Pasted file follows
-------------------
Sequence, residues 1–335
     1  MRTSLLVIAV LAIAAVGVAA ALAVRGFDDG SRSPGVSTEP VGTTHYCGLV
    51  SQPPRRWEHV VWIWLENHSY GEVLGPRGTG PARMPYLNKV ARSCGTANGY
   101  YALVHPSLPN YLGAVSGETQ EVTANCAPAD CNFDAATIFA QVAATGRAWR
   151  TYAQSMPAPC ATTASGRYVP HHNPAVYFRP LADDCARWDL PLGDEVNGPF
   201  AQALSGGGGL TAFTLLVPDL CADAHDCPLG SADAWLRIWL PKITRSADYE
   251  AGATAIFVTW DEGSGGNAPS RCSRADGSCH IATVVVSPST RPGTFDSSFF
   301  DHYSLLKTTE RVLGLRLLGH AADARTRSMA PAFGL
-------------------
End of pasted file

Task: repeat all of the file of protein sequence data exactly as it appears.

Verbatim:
Sequence, residues 1–335
     1  MRTSLLVIAV LAIAAVGVAA ALAVRGFDDG SRSPGVSTEP VGTTHYCGLV
    51  SQPPRRWEHV VWIWLENHSY GEVLGPRGTG PARMPYLNKV ARSCGTANGY
   101  YALVHPSLPN YLGAVSGETQ EVTANCAPAD CNFDAATIFA QVAATGRAWR
   151  TYAQSMPAPC ATTASGRYVP HHNPAVYFRP LADDCARWDL PLGDEVNGPF
   201  AQALSGGGGL TAFTLLVPDL CADAHDCPLG SADAWLRIWL PKITRSADYE
   251  AGATAIFVTW DEGSGGNAPS RCSRADGSCH IATVVVSPST RPGTFDSSFF
   301  DHYSLLKTTE RVLGLRLLGH AADARTRSMA PAFGL